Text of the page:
Mucin in perfusates was quantified by periodic acid-Schiff's base dot-blot assay, using a kit (Sigma; catalog 395B). Pig gastric mucin (Sigma, St. Louis, MO; catalog M1778) was used as a standard, prepared by suspension at 10 mg mL-1 in PBS using a probe-type sonicator. Serial 2-fold dilutions were prepared and in each assay 125 μg through 0.122 μg of mucin plus a blank were applied by vacuum filtration to nitrocellulose membrane in a dot-blot apparatus (Bio-Rad, Hercules, CA). A standard series of gastric mucins was included on every dot-blot. Perfusate outflow samples (50 μL) were applied in duplicate to the membrane as well. The membrane was removed from the apparatus and sequentially incubated in 3% acetic acid for 10 min, 6X diluted periodic acid for 15 min, 3% acetic acid washing for 10 min, 6X diluted Schiff’s Reagent for 10 min, 5 mg mL-1 sodium metabisulfite in water for 10 min, rinsing in water for 10 min, followed by air drying. The dried blots were scanned with a flatbed scanner (Hewlett Packard, Palo Alto, CA) and relative intensities measured using OptiQuant software (Kodak, Rochester, NY). The standard curve data were analyzed and sample unknowns determined using SigmaPlot software (Jandel Scientific, San Jose, CA; 'Standard Curves' feature in the 'Pharmacology' menu, with ‘Log X-scale’ and ‘Predict unknowns’). The PeakFit program (Jandel Scientific) was used to determine area under the curve (AUC) for 20–30 time points (unstimulated), and the 30–60 min time points (stimulated) which are presented as μg mucin min-1 g-1 tissue.
Data are presented as means ± standard errors. When there are 2 groups of data, a t-test was used. When there are more than 2 groups an ANOVA with post-hoc Tukey’s test was used. P-values <0.05 are considered statistically significant.
Results and discussion
There is disagreement in the literature as to the membrane surface where lubiprostone acts. In some experiments, it was reported that lubiprostone acted when applied to the apical surface of epithelia [1, 5] and in others when it was applied basolaterally . Therefore, we tested application of lubiprostone to either surface. When applied to the luminal surface by addition to the perfusate solution, lubiprostone (1 μM) had no effect on mucin release (Figure 3A). Similar to luminal lubiprostone, luminal application of PGE2 (1 μM) also had no effect on mucin release (data not shown).
We next tested the effect on mucin release of lubiprostone added to the serosal surface (to the bath). For comparison, we used PGE2. As shown in Figure 3B, both PGE2 (1 μM) and lubiprostone (1 μM) stimulated mucin release. PGE2 increased the rate of mucin release to ~400% that of the unstimulated (equilibration) rate (Figure 3B). Lubiprostone also stimulated mucin release to over 300% that of the unstimulated rate (Figure 3B). The difference in stimulation of mucin release between PGE2 and lubiprostone was not statistically significant.
Because lubiprostone also stimulates bicarbonate-rich fluid secretion in the small intestine , it is likely that this effect of lubiprostone facilitates solubilization of exocytosed goblet cell mucin and its expansion to mucus. It has been shown that co-secretion of bicarbonate through a CFTR-dependent pathway is crucial for correct expansion of exocytosed mucins [4, 8]. Since lubiprostone also activates CFTR-dependent bicarbonate secretion, mucin release and bicarbonate will be simultaneously stimulated by lubiprostone.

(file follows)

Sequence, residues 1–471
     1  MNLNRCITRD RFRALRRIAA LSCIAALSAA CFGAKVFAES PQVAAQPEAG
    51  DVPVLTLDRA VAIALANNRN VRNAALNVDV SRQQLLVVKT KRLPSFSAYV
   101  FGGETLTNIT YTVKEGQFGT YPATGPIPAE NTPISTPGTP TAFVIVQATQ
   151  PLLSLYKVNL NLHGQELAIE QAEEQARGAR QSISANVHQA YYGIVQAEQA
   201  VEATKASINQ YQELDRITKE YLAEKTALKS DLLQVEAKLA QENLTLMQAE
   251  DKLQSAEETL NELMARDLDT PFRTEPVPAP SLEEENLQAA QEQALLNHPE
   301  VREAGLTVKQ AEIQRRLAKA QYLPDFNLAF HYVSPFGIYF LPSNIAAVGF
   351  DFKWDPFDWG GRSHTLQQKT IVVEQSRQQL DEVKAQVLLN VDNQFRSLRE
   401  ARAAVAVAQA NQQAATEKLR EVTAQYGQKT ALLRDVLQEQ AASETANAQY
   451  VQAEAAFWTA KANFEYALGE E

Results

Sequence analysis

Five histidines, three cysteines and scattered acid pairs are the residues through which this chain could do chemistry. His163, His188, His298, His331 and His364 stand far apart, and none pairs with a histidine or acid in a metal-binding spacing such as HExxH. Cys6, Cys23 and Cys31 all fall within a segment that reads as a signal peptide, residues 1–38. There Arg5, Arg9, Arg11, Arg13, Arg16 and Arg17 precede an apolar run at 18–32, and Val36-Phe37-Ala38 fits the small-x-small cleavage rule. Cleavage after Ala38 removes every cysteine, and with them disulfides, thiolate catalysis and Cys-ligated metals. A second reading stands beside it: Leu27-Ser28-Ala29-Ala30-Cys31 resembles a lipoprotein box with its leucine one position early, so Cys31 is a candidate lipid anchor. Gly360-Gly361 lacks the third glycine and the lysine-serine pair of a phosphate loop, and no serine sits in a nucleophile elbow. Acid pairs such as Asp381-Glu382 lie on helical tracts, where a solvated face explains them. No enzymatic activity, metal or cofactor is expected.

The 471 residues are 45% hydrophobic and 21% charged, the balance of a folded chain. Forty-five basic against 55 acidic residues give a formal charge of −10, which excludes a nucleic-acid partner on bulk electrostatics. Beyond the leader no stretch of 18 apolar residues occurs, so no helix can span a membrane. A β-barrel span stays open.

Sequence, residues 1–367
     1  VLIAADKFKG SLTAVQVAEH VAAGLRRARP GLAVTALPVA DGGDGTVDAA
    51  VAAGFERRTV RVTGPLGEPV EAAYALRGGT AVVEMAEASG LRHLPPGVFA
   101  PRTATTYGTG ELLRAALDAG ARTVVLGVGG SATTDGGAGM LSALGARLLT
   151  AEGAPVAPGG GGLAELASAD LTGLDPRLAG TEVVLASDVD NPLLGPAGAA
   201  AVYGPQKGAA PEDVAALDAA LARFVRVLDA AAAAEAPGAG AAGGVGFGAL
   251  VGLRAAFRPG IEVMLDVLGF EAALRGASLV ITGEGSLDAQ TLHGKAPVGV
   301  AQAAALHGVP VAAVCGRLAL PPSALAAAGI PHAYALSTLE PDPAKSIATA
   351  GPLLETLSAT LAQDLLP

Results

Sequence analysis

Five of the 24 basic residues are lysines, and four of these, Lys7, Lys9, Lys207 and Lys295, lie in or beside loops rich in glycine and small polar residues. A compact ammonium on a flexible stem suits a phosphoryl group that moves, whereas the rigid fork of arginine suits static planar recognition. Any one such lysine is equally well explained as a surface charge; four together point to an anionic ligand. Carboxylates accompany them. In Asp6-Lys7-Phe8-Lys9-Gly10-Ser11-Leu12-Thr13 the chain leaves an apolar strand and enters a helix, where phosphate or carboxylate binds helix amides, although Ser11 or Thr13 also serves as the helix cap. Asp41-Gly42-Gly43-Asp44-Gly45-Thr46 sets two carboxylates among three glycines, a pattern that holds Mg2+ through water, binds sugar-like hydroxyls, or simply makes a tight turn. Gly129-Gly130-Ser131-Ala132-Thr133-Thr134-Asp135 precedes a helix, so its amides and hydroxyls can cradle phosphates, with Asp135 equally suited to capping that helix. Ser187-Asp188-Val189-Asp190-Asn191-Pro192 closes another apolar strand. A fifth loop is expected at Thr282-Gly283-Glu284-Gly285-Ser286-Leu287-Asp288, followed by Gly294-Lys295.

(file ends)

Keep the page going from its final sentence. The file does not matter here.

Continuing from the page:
After this study was submitted, a report was published investigating the effects of lubiprostone stimulation in intestinal loop preparations of rat intestines and ex vivo human colonic samples . They showed that lubiprostone caused a coordinated redistribution of several apical and basolateral ion transporters between cytoplasmic vesicles and the plasma membrane that collectively would support secretion at the same time as suppressing absorption, in villi of the small intestine and in colonic crypts. They also quantified mucin granule exocytosis by morphometric histological analyses and showed that lubiprostone caused depletion of goblet cells mucin granules in both small and large intestine. Our results that lubiprostone stimulates mucin release ex vivo from the mouse small intestine are in agreement with the results of this study.
The results of this study support the idea that lubiprostone has prostaglandin-like actions on the intestine, which includes stimulation of mucin release. It remains to be determined which prostaglandin receptor(s) is/are activated by lubiprostone in the stimulation of mucin exocytosis by small intestinal goblet cells. It is known that mucin exocytosis and bicarbonate-rich fluid secretion are tightly coupled in the intestine  and that fluid secretion is impaired in EP3 PGE2 receptor knockout mice . However, in human duodenum, fluid secretion can be stimulated by an EP4 selective agonist  and an EP4 antagonist blocks bicarbonate secretion in rat duodenum , making the EP4 receptor a likely candidate for mediating lubiprostone's effects on mucin release. Regardless of which prostaglandin receptor is involved, stimulation of mucin release by lubiprostone may be protective in gastrointestinal conditions where loss of mucus is believed to contribute to pathogenesis . Thus, in addition to chronic constipation, there is greater potential for the therapeutic applications of lubiprostone.
Cystic fibrosis transmembrane conductance regulator
Phosphate buffered saline
- PGE2 :
I thank Drs. Ning Yang and Paul Quinton for advice setting up the perfusion system and for supplying the fire polished glass capillaries.